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The past 18 months has been dominated by news of the global Covid-19 pandemic, and some businesses have struggled to find ways of securely supporting employees working from home. As with any global crisis, there are always a number of cyber-criminals trying to jump on the back of it, and Covid-19 is no exception to that. The overwhelming amount of media coverage surrounding the coronavirus has created a new danger — phishing attacks looking to exploit fears about the virus.

So how do these phishing attacks work?

To put it simply; cybercriminals send emails claiming to be from legitimate organisations with information about the coronavirus, offering help and guidance. The emails might ask you to open an attachment to see the latest statistics, or invite you to get your vaccine. If you choose to click on the attachment or embedded link, you’re likely to download malware onto your device that could put you and your business in danger.

The malicious software could allow cybercriminals to take control of your computer, log your keystrokes, access your camera, search history or even access your personal information and financial data, which could lead to identity theft. There’s nothing new about this approach, just a new spin by cyber-criminals using coronavirus and capitalising on panic and disinformation.

How do I spot a coronavirus phishing email?

NHS Vaccine appointments – Some people have reported receiving emails from the NHS to book their vaccine appointments for a fee. Clicking the link takes you to a professional looking copy of the NHS website, however it asks for banking information to be able to book an appointment. The NHS and the government have warned against these emails, emphasising that they will never ask for a payment.   

CDC alerts – Cybercriminals have sent phishing emails designed to look like they’re from the U.S. Centers for Disease Control. The email may falsely claim to link to a list of coronavirus cases in your area. “You are immediately advised to go through the cases above for safety hazard,” the text of one phishing email reads.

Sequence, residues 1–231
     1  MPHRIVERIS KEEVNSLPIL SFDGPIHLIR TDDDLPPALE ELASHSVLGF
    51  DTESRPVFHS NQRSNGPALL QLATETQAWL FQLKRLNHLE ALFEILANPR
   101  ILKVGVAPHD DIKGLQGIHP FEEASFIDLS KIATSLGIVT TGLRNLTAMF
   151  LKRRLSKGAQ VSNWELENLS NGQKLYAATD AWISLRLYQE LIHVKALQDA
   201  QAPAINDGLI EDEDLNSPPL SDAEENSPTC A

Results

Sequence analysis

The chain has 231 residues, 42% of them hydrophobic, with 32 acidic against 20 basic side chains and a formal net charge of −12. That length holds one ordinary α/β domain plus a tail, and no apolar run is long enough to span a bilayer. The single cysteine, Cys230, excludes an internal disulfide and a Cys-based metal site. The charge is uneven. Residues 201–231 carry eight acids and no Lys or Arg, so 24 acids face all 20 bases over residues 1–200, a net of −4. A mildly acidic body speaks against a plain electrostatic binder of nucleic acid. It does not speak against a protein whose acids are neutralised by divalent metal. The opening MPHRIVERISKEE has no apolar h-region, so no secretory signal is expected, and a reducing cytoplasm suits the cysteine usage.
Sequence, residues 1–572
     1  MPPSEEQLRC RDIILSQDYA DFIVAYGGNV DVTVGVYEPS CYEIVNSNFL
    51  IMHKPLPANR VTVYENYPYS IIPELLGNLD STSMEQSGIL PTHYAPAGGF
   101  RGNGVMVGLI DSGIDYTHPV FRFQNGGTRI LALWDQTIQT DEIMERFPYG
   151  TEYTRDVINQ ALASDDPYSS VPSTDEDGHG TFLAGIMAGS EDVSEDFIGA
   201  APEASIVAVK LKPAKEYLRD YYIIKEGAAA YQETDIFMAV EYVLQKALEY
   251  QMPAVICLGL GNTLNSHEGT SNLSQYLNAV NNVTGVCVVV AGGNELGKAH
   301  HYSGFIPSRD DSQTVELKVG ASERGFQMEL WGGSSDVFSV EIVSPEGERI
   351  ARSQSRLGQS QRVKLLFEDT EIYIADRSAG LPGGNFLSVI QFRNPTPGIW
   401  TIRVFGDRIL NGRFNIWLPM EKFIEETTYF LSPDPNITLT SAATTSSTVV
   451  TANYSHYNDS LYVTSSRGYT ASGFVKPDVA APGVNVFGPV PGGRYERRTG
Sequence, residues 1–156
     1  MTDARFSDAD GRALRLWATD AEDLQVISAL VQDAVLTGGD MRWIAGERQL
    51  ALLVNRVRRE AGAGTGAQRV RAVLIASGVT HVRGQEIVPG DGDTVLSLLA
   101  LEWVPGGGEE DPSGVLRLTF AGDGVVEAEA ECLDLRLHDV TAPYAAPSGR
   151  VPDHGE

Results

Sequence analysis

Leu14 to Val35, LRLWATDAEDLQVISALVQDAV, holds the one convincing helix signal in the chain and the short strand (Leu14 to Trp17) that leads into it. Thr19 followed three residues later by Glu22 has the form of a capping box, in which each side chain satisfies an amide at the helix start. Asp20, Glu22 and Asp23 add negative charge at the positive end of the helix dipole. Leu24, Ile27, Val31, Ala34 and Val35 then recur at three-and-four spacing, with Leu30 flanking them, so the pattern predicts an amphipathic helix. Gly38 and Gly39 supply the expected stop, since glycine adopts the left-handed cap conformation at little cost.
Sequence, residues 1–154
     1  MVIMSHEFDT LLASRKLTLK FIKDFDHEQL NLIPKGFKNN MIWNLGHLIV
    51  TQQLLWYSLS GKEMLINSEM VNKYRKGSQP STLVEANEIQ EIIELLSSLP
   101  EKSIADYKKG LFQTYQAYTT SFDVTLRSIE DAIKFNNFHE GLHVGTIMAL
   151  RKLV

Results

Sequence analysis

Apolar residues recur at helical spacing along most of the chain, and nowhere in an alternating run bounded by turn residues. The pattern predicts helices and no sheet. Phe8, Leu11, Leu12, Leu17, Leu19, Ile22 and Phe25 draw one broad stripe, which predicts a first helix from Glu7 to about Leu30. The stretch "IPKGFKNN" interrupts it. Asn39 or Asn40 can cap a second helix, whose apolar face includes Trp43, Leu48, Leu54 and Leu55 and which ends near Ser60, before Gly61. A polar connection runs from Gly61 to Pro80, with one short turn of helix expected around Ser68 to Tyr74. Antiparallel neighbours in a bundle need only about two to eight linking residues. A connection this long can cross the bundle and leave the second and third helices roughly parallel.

Workplace policy emails – Cybercriminals have targeted employees’ workplace email accounts. One phishing email begins, “All, Due to the coronavirus outbreak, [company name] is actively taking safety precautions by instituting a Communicable Disease Management Policy.” If you click on the fake company policy, you’ll download malicious software.

Health advice emails – Phishers have sent emails that look as if they offer medical advice to help protect you against the coronavirus. The emails might claim to be from medical experts near Wuhan, China, where the outbreak first began.  “Use the link below to download our recommended Safety Measures.”

Tips for recognising and avoiding phishing emails

Here are some ways to recognise and the kinds of phishing emails mentioned above.

  • Beware of online requests for personal information. A coronavirus-themed email that seeks personal information like your national insurance number or login information is a phishing scam. Never respond to the email with your personal data.
  • Check the email address or link. You can inspect a link by hovering your mouse button over the URL to see where it leads. Sometimes, it’s obvious the web address is not legitimate. But keep in mind phishers can create links that closely resemble legitimate addresses. Delete the email.
  • Look for generic greetings. Phishing emails are unlikely to use your name. Greetings like “Dear sir or madam” signal an email is not legitimate.
  • Avoid emails that insist you act now. Cyber criminals often try to create a sense of urgency; their goal is to get you to click on a link and provide personal information as soon as possible. Instead, delete the message.
  • Keep an eye out for spelling and grammatical mistakes. If an email includes spelling, punctuation, and grammar errors, it’s likely a sign you’ve received a phishing email. Delete it immediately.

Online scams that are tailored to major news events have been around for decades. With the coronavirus commanding an almost unprecedented amount of coverage around the world, these latest campaigns have been nothing short of a flurry of attacks that show no signs of slowing down.